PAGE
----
KARACHI: Battered by climate change, the cotton production continues to give a gloomy picture as effects of high temperature, heavy rains and gusty winds reduced crop by around 1.814 million bales.
Data released by Pakistan Cotton Ginners’ Association (PCGA) on Monday shows cotton production up to November 15 at 6.857 million bales, down 21 per cent over 8.671m bales in same period last year.
A steep fall in cotton production in Punjab was the major factor which reduced overall output in the country. Sindh also suffered immensely due to impact of climate change.
According to details, Punjab produced 3.692m bales as against 4.985m in corresponding period last year, showing a decline of around 26pc.
Similarly, Sindh’s crop was lower by 14.14pc or 521,167 bales at 3.165m bales, compared to 3.686m produced in same period of previous season.
A cotton broker and grower from Sindh, Girdhari Lal Assudomal, told Dawn the situation was alarming and this strongly indicates that next crop could be even lower if no remedial measures were taken.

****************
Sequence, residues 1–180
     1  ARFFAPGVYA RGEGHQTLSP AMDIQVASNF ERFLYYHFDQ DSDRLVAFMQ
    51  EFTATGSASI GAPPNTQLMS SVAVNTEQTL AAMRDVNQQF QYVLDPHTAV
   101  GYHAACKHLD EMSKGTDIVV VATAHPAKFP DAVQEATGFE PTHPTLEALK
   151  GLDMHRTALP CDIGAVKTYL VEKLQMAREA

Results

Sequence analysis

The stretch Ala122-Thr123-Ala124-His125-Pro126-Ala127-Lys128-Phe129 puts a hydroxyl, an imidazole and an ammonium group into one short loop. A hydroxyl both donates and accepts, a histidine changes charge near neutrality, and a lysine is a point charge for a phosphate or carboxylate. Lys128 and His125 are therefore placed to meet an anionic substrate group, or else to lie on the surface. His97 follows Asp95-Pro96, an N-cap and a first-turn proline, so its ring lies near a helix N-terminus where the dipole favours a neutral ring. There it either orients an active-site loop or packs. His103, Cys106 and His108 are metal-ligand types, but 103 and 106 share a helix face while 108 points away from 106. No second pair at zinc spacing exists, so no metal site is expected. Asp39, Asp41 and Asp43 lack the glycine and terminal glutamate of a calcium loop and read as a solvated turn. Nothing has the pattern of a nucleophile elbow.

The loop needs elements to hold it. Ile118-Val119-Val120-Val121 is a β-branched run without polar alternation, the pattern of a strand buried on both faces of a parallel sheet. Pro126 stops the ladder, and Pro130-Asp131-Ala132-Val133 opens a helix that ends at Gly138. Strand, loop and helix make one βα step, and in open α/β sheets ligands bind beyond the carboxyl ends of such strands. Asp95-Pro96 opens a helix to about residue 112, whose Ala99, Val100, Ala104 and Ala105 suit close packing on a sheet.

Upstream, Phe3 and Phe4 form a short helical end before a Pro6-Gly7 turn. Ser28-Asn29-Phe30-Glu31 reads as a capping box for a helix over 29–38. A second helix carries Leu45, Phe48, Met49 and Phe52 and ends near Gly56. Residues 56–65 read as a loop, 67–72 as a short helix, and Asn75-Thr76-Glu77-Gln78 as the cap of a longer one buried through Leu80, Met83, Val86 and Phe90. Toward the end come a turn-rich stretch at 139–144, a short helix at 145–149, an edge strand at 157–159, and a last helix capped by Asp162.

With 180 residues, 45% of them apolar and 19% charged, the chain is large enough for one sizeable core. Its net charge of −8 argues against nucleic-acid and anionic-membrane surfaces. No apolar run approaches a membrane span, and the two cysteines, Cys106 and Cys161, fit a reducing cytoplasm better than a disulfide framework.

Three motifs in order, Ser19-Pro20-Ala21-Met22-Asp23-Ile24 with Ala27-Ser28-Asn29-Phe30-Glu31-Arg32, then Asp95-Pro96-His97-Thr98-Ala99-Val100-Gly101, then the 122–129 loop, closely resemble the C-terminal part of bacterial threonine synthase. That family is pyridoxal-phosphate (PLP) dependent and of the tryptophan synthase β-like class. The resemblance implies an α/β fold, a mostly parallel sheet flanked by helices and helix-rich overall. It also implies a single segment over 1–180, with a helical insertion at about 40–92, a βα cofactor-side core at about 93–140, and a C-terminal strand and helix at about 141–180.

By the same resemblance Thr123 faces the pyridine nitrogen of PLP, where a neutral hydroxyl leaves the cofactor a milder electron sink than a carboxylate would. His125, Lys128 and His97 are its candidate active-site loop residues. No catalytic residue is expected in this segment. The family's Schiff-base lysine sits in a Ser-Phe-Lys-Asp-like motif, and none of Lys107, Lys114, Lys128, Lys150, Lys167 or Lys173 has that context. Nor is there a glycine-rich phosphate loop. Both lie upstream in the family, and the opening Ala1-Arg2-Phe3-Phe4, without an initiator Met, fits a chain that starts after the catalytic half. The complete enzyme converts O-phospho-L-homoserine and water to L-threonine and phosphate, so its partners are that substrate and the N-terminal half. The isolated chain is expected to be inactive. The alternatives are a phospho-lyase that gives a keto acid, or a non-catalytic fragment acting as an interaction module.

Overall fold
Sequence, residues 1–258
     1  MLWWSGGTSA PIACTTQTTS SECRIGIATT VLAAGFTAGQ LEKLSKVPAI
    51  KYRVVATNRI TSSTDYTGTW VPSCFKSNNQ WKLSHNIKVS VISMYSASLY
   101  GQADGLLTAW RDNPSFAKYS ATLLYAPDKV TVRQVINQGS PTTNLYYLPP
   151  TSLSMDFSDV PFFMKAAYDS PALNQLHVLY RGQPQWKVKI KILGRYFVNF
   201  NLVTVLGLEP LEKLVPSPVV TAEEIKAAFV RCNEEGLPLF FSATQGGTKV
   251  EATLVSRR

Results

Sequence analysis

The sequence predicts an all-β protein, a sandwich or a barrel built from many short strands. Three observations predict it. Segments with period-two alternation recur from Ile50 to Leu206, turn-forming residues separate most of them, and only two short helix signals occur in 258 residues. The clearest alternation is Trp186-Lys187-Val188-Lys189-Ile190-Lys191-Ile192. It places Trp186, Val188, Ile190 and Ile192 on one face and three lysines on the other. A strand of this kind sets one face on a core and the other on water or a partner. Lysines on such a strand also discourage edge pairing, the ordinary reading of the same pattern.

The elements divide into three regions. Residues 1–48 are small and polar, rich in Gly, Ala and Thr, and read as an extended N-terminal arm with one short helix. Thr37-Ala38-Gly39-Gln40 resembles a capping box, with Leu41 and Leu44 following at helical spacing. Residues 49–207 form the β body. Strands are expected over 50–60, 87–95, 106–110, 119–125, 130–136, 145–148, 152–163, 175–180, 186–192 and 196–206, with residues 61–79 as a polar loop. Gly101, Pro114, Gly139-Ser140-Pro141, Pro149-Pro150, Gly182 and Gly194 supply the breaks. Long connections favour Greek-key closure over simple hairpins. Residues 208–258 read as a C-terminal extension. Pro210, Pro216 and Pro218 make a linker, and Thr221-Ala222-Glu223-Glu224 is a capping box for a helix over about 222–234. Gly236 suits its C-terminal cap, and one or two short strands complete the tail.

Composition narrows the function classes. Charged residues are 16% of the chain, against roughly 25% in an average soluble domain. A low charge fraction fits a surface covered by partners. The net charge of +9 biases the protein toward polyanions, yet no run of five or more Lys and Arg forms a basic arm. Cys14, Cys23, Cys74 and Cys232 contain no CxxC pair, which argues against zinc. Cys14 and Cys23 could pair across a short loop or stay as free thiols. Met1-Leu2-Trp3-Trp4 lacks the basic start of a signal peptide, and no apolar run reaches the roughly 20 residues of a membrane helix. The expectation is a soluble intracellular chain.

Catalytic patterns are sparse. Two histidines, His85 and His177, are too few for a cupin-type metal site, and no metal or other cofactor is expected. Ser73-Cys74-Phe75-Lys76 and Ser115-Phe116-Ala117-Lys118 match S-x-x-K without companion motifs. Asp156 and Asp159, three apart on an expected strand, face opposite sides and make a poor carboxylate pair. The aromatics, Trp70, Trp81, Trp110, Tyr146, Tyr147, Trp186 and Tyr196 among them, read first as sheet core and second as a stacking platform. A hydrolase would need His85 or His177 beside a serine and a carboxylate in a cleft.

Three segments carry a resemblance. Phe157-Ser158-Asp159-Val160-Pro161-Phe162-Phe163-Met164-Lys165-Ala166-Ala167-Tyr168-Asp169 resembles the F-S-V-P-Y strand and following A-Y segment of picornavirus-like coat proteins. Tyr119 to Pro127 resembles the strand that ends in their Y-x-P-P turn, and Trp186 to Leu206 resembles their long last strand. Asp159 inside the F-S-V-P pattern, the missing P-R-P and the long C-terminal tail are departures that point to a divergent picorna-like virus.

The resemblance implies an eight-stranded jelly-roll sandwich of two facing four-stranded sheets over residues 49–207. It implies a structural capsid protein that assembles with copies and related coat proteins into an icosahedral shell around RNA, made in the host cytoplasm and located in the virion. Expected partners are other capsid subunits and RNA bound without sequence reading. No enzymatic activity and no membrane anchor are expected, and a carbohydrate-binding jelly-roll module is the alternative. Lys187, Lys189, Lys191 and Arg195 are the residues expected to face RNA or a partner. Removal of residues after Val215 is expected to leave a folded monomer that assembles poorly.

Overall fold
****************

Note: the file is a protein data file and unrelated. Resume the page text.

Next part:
Cotton Analyst Naseem Usman urged the government to work on ‘war footings’ on many fronts to save the indigenous crop of Mehran valley – which had grown for centuries in the region – from vanishing.
He regretted that the basic issue of cotton crop had been the supply of certified seed to growers. But unfortunately the concerned government departments were not working or doing research work for evolving high yielding, pest and high temperature resistance seed. Another analyst, Taqi Abbas, said that one of the biggest issue confronting cotton crop was the supply of substandard pesticides.
He further said it was not possible to ensure pure pesticides when there are around 700 companies in the field, and added only 30-35 should be allowed to operate as is the case with India.
Looking at the developing scenario, private estimates now put cotton production at around 8.5-9m bales and this would mean heavy imports of around 6m would be putting burden on foreign exchange reserves to the tune of $1.5 billion, he added.
Published in Dawn, November 19th, 2019